For 15 years I’ve been driving to campus and turning into the parking lot behind my building, but it was only a few days ago when I noticed the street sign that stands on the corner of the entrance: Theatre Ln – No Outlet. I must admit, upon seeing it, my first inclination was to laugh wryly and make a mental note that “No Outlet” was the 21st century’s polite way of saying “Dead End.” There are days when that seems all too accurate, and apparently this was one of them. Indeed, as I walked to my office on this grey October day, I found myself thinking how the miserable employment figures from Actor’s Equity provided grim evidence for the sign’s message, reflecting the vanishing outlets for theatre artists to share their gifts with the public.
But ultimately, I couldn’t stay mired in that cynical frame of mind, because I was about to start my day in the company of young artists whose buoyant goodwill, dedication, humor and sense of hope regularly prevent me from losing faith in the theatre’s possibilities, even when it feels as if the American theatre eats its young, as I wrote a few weeks ago in “Saturn and the Arts.”
As I went down the hall to put my lunch in the refrigerator, and then unlocked my office door and sat down at my computer, that sign continued to resonate as my mind searched for the right metaphor. If there is no outlet, perhaps theatre is “unplugged,” a low-tech, acoustic medium that relies less on flash and spectacle than on authenticity, simplicity, and emotional honesty. That made me feel a little better about the signage.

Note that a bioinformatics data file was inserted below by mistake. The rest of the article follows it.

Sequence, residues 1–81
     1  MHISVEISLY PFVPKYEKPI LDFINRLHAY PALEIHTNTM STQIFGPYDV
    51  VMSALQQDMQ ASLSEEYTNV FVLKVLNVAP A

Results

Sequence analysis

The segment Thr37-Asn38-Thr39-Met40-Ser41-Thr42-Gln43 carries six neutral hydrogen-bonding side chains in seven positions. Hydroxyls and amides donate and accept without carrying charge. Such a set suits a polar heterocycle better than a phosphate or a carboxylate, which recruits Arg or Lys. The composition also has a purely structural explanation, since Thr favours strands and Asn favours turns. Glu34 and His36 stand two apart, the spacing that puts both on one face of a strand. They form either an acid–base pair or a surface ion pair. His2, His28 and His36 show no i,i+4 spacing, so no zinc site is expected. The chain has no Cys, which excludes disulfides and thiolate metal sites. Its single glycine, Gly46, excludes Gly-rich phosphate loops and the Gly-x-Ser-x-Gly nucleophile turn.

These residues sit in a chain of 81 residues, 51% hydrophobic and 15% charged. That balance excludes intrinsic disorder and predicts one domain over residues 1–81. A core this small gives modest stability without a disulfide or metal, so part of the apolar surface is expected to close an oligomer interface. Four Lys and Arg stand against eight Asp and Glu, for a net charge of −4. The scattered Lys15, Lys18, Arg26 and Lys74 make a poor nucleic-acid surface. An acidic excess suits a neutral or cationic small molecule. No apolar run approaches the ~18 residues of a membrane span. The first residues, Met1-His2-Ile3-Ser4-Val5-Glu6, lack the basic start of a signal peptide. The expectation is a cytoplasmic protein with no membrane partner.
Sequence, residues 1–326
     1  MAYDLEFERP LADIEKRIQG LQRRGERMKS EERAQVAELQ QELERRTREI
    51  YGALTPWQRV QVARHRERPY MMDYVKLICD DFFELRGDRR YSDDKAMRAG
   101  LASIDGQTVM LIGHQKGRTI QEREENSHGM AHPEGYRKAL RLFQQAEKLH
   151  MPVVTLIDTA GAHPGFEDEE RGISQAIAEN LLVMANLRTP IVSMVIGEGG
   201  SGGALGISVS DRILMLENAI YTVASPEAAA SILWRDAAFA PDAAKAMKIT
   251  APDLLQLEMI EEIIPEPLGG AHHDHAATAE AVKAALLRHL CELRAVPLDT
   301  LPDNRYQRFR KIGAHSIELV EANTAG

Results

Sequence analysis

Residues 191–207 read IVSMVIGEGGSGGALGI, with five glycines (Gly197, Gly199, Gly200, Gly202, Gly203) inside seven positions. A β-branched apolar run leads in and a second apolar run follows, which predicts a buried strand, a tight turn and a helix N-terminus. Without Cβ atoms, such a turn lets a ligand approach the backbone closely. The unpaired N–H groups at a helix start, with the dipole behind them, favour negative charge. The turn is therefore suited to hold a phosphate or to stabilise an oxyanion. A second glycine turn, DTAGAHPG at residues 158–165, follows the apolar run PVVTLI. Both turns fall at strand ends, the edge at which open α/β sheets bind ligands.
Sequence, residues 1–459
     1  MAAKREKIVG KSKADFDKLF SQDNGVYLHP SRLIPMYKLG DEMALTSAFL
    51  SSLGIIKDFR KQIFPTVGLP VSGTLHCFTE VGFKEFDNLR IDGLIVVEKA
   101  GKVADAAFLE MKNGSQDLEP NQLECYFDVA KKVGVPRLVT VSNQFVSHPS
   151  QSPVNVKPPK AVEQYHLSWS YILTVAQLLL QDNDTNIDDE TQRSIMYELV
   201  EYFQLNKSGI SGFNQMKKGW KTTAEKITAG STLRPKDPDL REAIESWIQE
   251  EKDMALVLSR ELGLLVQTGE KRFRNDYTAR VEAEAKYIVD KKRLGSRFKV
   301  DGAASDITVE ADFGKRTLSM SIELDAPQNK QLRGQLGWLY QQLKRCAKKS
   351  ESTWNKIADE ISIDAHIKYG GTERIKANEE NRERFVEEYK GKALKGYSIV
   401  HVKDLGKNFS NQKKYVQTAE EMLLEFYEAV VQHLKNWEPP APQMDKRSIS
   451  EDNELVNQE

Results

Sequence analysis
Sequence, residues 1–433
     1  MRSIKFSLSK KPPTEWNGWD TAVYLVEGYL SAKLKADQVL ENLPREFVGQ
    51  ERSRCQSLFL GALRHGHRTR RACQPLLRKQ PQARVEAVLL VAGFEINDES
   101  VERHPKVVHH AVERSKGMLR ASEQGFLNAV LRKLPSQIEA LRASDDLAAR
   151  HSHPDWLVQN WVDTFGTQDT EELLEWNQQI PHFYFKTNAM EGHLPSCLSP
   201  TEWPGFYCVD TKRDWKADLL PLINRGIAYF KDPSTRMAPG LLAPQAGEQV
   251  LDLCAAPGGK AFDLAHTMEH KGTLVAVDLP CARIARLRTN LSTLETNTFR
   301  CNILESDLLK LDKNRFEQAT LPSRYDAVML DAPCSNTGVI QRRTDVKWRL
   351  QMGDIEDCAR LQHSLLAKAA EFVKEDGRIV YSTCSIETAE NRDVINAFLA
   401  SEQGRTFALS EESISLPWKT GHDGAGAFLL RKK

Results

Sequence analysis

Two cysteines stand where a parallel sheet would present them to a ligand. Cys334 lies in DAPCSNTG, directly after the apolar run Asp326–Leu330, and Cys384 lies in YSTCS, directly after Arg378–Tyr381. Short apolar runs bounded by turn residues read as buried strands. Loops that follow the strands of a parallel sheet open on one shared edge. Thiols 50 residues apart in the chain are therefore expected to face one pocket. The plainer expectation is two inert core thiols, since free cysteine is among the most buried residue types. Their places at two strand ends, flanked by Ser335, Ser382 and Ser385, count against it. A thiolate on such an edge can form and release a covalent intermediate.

Then I started thinking about what it means to enter a place that has no outlet. First, you have to regard it as an end in itself, not as a way of getting somewhere else. It is a destination point, a place where you stop.
More importantly, in order to find one’s way out again, one must retrace one’s steps. To exit, you have to turn around and go back the way you came until you come to the point where you began, but arrive there having been changed by what you’ve seen. As a theatre historian, this interpretation had its attraction, as I find many of the ideas and techniques of theatre’s past could, if adopted by a clever artist or company, provide new life to a medium that seems in search of a direction.
When I returned home that evening I found a copy of Todd London’s new book, An Ideal Theater: Founding Visions for a New American Art, waiting for me. As I sat down with this plain yet elegant anthology and read London’s introduction, I could feel the energy there that originally drew me into the theatre, the energy that emanates from the words and ideas of passionate, idealistic people. The introduction, which bore the promising title “Tickets to a Revolution,” began with one of my favorite quotations — the opening paragraph of Herbert Blau’s 1964 manifesto, The Impossible Theater:
[My purpose] is to talk up a revolution. Where there are rumblings already, I want to cheer them on. I intend to be incendiary and subversive, maybe even un-American. I shall probably hurt some people unintentionally; there are some I want to hurt. I may as well confess right now the full extent of my animus: there are times when, confronted with the despicable behavior of people in the American theater, I feel like a lunatic Lear on the heath, wanting to “kill, kill, kill, kill, kill, kill.”